The Museum was first established as the "antiquarian room" at the January 8, 1889 dedication of the building. It was set aside to house a collection of historic artifacts, antiques and curiosities. According to a January 22, 1899 article from the Providence Sunday Telegram, the idea of an antiquarian room is due to the efforts of Judge Benjamin M. Bosworth and Theo Warren. Mr. Warren became the chairman of the newly established Antiquarian committee, which consisted of the chair and two other members.
The collection can be divided into domestic artifacts, military, maritime, and Warren items from the schools and fire department. Documents and manuscripts are also included: two journals of Luther Cole, who participated in the California Gold Rush, a section of a whaling log of the ship Chariot, a George Washington signature and the papers of L. E. Simmon, a naval officer and Warren resident who was also the son-in-law of James Maxwell.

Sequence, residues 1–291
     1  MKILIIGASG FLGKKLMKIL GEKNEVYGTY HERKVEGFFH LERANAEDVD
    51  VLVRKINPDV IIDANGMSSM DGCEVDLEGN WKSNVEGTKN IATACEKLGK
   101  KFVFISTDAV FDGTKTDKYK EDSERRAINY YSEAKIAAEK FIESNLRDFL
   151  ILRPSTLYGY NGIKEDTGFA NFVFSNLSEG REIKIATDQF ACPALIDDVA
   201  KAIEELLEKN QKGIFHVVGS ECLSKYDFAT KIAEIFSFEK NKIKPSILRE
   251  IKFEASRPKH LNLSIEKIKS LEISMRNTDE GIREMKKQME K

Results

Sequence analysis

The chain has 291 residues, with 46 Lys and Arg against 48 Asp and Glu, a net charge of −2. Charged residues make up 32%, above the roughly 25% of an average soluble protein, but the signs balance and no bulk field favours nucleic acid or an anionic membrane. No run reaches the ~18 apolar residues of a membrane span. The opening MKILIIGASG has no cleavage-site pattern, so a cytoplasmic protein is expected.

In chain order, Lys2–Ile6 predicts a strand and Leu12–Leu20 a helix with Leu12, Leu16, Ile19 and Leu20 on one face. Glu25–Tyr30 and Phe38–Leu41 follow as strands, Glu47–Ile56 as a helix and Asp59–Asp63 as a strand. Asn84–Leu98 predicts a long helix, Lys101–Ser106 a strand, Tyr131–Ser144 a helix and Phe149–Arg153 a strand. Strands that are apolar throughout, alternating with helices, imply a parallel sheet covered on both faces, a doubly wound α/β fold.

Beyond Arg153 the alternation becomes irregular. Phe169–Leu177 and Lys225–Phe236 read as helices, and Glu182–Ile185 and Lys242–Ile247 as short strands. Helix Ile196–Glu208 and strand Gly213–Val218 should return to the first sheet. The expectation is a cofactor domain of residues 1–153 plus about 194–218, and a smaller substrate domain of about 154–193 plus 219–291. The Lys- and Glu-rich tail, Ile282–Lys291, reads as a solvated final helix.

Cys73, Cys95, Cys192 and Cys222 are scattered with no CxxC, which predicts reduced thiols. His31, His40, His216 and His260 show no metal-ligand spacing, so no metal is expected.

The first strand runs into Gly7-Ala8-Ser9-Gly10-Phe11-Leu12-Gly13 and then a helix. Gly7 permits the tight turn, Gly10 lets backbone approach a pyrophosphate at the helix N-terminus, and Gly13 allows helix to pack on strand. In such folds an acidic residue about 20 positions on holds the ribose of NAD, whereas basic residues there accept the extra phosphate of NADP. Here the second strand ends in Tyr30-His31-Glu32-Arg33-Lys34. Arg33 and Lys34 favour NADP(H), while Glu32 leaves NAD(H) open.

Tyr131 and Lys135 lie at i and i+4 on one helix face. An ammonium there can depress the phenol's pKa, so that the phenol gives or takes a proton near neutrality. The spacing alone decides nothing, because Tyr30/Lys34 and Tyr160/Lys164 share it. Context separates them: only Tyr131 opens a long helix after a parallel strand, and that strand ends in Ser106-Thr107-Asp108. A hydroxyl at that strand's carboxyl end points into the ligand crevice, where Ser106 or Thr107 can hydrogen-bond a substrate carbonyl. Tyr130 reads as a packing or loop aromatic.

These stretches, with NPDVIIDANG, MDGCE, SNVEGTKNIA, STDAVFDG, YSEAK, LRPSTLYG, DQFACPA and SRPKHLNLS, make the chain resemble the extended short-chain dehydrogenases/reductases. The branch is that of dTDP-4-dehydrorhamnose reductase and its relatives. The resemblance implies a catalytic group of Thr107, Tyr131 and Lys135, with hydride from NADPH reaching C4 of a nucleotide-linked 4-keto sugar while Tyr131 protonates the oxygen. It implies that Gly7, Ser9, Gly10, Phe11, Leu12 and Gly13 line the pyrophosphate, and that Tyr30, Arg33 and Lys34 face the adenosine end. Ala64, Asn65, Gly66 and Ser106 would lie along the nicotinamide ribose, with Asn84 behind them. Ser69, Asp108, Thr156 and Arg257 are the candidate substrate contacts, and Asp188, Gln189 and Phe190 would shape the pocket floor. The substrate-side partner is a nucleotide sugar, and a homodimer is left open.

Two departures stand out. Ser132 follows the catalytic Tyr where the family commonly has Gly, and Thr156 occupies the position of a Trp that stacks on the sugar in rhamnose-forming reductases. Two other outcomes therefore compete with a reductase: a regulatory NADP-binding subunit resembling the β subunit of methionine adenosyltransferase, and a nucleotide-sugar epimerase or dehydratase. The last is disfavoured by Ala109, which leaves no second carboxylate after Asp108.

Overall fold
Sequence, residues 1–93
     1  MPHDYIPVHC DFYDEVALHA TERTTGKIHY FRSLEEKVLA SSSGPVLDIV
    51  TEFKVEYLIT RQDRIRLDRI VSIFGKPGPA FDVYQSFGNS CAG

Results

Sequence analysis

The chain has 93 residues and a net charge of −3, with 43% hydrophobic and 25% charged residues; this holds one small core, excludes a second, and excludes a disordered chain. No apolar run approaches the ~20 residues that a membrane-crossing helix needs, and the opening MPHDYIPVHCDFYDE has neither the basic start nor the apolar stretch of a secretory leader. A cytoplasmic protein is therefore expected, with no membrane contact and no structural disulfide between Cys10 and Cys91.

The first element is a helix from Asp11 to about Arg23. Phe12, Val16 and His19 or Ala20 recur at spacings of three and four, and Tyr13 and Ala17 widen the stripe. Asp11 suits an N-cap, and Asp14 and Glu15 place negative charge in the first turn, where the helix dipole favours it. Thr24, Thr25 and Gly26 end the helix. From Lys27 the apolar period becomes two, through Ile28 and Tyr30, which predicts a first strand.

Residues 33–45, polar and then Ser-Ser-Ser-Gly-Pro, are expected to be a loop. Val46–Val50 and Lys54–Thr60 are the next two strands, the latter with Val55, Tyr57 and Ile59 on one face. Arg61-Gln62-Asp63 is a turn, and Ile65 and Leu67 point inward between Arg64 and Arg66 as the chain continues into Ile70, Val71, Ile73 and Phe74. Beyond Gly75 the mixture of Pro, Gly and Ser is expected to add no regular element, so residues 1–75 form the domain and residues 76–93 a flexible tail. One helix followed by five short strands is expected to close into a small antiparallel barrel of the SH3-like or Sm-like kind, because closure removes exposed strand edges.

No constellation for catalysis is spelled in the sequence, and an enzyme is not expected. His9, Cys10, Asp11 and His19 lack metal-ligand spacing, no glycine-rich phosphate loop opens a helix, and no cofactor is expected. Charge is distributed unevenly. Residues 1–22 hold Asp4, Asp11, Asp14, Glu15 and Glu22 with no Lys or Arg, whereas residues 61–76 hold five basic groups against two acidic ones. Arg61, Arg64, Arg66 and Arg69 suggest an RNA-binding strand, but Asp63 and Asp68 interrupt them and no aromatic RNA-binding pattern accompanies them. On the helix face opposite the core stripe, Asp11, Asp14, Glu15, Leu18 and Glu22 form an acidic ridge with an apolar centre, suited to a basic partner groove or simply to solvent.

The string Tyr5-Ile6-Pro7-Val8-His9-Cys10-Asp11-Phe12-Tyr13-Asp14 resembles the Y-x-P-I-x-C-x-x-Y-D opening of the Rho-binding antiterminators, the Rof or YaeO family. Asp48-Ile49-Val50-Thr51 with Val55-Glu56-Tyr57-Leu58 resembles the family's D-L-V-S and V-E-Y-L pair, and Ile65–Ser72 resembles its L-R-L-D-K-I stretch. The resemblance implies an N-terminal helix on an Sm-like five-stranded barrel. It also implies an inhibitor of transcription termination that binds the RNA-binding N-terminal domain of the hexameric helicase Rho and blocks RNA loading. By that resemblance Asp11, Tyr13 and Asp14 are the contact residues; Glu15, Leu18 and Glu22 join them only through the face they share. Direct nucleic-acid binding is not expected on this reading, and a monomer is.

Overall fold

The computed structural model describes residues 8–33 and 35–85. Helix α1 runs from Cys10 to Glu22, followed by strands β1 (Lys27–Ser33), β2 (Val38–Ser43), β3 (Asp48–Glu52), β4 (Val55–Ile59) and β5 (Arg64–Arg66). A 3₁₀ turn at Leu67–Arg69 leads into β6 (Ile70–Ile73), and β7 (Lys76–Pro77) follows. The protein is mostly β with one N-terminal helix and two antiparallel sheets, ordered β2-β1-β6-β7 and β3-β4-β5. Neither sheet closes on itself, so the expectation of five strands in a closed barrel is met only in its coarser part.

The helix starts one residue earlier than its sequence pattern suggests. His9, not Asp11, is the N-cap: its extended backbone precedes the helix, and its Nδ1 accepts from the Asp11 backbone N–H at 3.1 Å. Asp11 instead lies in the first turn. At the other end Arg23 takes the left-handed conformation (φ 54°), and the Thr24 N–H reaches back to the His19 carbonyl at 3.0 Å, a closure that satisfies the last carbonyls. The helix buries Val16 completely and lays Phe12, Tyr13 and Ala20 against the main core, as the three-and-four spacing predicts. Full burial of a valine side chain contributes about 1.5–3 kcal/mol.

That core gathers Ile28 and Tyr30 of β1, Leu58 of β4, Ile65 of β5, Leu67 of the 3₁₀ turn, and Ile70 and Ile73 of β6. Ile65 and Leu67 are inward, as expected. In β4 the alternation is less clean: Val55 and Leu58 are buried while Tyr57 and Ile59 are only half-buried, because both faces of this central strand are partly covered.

Local Warren authors are also a part of the collection. Hezekiah Butterworth wrote books for young people as well as poetry. The museum houses many of his works, particulary the series ZigZag travel series. Books by other notable Warren authors such as Walter Stanley and George H. Coomer are also collected.
We are working to improve access to the museum collection. We would like to be open more hours and could use volunteers to help staff the museum. If you are interested, especially if you have experience in museums, local history or a related area, contact the library director at 245-7686 or via email at email@example.com..
Domestic artifacts: footwarmers, candle molds, cradles, fire buckets, fireplace roaster pan
Military: bullet molds, cartridge belts, muskets, haversacks swords, uniform parts, volunteer lists
Maritime: astrolabes,half hulls, scrimshaw, sextants
Warren items: documents, glass, locks, signs, advertising, fire buckets
The museum is open Wednesdays from 2:00 pm-4:00 pm or by contacting the director either by phone or email.